Many of the legends surrounding Tituba focus on her use of divination practices and “voodoo magic,” but there is nothing in any of the court records to back these stories up. However, tradition and legend eventually come to be accepted as fact. Breslaw indicates that there is no evidence that Tituba was practicing any sort of “voodoo” magic before she came to live in Salem, and it’s worth noting that the “witchcraft” in Tituba’s confession is far more closely aligned with European folk magic practices than with Caribbean ones.

Gates points out the irony “that a slave was able to make such public accusations against white neighbors; though, to be sure, they were in defense of her owner’s extended family and made to a village she by then knew was bewitched by the idea of being bewitched… [she] was not only able to fend off death, but also seemed to succeed in frightening those who were, without question, above her socially, politically, economically and with respect to religion.”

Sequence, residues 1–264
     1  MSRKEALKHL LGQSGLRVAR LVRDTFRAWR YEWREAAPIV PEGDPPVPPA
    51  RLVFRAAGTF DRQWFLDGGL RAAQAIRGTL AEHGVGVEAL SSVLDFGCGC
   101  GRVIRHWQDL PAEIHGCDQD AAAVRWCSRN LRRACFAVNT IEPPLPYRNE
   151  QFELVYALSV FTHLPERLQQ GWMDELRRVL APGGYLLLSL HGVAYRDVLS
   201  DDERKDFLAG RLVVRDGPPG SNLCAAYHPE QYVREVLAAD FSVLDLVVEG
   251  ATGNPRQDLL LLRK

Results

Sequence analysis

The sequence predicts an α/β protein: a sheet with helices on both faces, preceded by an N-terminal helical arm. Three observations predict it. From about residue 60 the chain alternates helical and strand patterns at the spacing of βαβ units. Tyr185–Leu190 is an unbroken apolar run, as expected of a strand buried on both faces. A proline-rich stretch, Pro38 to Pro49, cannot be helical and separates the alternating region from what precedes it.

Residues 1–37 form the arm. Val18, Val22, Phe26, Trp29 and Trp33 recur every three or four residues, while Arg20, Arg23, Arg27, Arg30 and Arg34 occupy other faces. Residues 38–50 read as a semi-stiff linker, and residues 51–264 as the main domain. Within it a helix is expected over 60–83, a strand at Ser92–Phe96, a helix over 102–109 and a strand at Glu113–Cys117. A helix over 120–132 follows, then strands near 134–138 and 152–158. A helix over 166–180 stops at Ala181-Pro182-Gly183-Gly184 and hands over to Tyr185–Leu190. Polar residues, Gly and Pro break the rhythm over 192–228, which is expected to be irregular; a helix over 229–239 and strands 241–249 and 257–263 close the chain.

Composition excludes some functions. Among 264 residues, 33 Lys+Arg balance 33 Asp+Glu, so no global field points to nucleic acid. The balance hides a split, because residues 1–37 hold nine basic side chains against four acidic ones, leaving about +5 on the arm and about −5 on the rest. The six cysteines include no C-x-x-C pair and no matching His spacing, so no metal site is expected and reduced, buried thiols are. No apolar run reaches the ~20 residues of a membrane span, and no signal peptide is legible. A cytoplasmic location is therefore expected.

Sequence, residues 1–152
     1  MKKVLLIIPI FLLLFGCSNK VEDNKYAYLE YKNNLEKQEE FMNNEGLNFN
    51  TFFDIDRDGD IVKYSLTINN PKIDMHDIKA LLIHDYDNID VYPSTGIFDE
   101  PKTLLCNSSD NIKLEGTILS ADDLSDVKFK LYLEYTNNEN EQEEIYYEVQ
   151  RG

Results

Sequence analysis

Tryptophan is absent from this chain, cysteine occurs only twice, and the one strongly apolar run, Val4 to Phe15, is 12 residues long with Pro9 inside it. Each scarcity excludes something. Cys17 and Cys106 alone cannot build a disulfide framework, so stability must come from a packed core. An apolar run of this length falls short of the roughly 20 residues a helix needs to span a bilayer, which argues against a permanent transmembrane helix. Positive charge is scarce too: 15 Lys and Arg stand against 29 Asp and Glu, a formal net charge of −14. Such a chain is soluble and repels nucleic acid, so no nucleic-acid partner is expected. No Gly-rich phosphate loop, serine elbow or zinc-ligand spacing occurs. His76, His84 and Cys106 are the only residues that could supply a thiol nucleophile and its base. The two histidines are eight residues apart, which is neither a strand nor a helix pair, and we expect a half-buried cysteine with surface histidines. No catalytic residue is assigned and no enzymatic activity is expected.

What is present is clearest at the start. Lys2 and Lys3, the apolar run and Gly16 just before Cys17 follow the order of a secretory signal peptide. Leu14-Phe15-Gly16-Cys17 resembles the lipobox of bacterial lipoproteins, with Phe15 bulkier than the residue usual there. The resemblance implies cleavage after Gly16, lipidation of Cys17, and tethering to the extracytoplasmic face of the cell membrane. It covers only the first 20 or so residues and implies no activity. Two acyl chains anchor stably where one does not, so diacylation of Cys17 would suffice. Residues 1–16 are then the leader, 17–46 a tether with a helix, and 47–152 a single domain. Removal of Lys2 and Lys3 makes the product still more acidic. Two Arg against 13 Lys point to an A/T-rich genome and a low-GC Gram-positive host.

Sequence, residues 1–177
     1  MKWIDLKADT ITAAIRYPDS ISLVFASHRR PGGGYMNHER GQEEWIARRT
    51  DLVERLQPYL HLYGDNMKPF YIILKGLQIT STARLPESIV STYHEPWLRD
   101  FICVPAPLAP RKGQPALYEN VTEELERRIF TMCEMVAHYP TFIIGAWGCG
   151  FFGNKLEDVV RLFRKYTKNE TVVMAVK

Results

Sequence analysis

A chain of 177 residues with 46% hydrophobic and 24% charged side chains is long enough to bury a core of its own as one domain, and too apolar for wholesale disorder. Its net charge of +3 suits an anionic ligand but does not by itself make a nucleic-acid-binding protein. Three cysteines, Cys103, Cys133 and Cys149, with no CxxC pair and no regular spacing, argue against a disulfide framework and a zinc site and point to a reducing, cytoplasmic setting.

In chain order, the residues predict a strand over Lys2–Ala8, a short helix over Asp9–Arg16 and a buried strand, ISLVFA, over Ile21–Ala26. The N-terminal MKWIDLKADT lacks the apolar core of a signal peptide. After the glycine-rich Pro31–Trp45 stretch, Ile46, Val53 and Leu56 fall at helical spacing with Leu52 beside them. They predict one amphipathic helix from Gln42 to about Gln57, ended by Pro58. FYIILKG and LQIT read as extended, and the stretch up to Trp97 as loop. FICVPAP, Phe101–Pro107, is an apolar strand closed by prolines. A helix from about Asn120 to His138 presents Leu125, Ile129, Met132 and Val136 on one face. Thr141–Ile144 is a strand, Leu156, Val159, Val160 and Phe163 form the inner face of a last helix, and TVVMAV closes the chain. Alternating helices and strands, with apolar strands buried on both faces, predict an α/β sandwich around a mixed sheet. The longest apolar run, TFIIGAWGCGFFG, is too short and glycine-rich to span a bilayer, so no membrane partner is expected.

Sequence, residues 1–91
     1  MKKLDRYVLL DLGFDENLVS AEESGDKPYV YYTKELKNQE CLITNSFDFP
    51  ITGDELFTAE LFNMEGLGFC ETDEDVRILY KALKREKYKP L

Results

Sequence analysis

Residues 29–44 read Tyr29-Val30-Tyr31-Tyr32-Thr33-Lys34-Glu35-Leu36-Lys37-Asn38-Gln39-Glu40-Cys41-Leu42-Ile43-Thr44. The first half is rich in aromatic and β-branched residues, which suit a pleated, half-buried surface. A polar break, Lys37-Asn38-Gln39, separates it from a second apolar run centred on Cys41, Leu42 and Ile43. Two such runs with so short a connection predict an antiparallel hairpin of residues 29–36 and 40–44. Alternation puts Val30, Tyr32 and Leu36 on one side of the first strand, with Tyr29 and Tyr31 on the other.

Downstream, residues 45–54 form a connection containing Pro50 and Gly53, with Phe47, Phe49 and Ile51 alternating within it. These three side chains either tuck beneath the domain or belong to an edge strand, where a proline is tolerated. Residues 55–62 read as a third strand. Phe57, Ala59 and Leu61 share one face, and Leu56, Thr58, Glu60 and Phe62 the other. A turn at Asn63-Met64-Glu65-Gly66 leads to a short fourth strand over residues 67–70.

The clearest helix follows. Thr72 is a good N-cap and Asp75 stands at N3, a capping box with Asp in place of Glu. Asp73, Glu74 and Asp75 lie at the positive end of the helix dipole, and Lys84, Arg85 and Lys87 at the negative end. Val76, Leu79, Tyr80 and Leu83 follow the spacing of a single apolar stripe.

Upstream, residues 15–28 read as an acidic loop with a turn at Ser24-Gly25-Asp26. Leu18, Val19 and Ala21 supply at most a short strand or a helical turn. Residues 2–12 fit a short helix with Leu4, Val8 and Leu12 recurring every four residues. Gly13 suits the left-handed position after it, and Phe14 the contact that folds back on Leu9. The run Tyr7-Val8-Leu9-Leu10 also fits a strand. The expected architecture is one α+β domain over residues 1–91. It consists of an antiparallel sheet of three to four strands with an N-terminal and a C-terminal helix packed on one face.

Had she been white, or of European background, and a servant rather than a slave, it’s likely that the legends of Tituba would have evolved very differently.

Rebecca Beatrice Brooks points out in Tituba: Slave of Salem, that “as a slave with no social standing, money or personal property in the community, Tituba had nothing to lose by confessing to the crime and probably knew that a confession could save her life. It is not known what religion Tituba practiced, but if she was not a Christian she had no fear of going to hell for confessing to being a witch, as the other accused witches did.”

Tituba later recanted her confession, but that is something that has been often overlooked.